The pyramid of Menkaure (2532-2504 BC) and
its three Queens’ Pyramids, looking east
We’ve all seen the pictures. Tucked beside the massive pyramids at Giza are a few little pyramids. They are generally described in one line as the “Queens’ Pyramids” or “satellite pyramids” and not mentioned any further. They seem like such an afterthought to the awe-inspiring pyramids of Khufu, Khafre, and Menkaure, not to mention the Sphinx, that they get all but forgotten. But why were these monuments built? And who were they for?
Phoenician bling.Jewelry found in the Phoenician cemetery dating from the 5th to 2nd centuries BC. The finds include many imports, even amulets of Horus and Sekhmet from as far away as Egypt
Europe is known for its ancient cities, with many dating to Roman or even pre-Roman times. One of the oldest continually inhabited cities in Europe is Cádiz, on the southwestern coast of Spain near the Strait of Gibraltar. It has been a city since at least Phoenician times and has been of crucial importance to the region ever since.
Ancient Egypt is famous for its elaborate religion with a multitude of deities and an obsession with the afterlife. While there have been many exhibitions on ancient Egyptian religion, it’s rare to see one that traces Egypt’s transformation from a land that was mostly pagan to one that was mostly Christian, then mostly Muslim, with a strong tradition of Judaism running through it.
Now a major exhibition at the British Museum, Egypt: Faith after the Pharaohs, uses about 200 objects to explore the history of religion in this fascinating country. The first gallery emphasizes that Egypt still has a sizeable Christian community. While that community has been targeted by extremists in recent years, there is also a large amount of cooperation between the two faiths. Photos from the Arab Spring show Christians making a protective ring around Muslims as they pray, and the Muslims returning the favor around churches on Sunday. The Western media tend to skip these stories of tolerance for more ratings-friendly tales of bloodshed, thus giving a skewed picture of the situation. As one of my old newspaper editors said, “If it bleeds, it leads.”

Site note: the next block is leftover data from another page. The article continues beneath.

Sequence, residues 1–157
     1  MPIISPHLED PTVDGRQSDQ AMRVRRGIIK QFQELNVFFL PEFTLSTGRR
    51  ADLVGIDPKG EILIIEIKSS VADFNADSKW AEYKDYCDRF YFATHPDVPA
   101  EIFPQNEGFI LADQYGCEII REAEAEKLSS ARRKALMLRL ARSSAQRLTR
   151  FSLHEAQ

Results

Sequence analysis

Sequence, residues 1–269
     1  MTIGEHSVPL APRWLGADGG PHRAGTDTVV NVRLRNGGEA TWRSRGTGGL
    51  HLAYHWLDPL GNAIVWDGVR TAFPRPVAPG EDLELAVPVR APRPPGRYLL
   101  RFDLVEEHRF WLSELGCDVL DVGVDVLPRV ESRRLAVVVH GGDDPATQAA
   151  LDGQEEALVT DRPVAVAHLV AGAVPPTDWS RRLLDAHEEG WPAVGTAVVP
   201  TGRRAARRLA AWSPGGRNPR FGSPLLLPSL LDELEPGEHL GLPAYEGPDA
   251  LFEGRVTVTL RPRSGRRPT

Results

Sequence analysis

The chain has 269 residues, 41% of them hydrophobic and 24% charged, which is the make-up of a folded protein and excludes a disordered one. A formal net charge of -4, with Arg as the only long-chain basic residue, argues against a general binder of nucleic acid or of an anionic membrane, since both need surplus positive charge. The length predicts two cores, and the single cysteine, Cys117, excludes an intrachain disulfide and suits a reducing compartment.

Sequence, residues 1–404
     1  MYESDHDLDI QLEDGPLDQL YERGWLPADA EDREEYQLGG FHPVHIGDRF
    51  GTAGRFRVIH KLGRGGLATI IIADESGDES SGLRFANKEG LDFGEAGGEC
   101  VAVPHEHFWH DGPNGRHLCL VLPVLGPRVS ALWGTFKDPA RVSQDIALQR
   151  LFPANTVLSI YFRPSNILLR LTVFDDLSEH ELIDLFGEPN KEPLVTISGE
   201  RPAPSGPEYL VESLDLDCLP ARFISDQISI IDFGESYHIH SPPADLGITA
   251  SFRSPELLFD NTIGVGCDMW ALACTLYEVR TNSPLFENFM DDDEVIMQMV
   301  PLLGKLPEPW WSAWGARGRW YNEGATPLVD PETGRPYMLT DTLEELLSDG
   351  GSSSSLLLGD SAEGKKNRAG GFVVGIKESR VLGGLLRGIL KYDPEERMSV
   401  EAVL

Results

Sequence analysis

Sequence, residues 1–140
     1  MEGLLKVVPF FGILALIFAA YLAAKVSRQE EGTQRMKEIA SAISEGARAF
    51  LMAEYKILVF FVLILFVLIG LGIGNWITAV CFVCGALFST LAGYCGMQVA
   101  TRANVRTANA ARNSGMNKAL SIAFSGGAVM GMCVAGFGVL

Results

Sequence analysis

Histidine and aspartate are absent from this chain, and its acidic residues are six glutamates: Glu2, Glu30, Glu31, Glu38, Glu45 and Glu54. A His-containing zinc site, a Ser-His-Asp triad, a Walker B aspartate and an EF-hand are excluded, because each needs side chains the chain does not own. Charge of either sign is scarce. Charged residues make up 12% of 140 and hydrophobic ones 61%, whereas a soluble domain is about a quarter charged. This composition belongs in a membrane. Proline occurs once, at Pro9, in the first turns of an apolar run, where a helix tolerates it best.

A remarkable exhibition at the British Museum is revealing the secrets hidden inside mummy wrappings.
Ancient Lives, New Discoveries showcases eight mummies from the Nile valley, Africa’s greatest center of ancient civilization. Seven were found in Egypt and an eighth was uncovered in Sudan. They have all been analyzed with the latest model CT scanner at a London hospital to reveal information about the people without their having to go through damaging analysis.
When we think of Somalia, we usually think of the endless civil war and the rise of the militant Islamist group Al-Shabab. That’s all that gets in the news, after all. But Somalia has a rich past that’s been all but forgotten thanks to its sad present. Back in 2012, I went in search of it.
I visited Somaliland, an independent state that makes up the northern third of the former Somalia. While it remains unrecognized by any other nation, it has established a viable government with free and fair elections, a growing economy, and the rule of law. Visiting Somaliland gives outsiders a chance to get to know Somali culture and see some of the best prehistoric painted caves in Africa.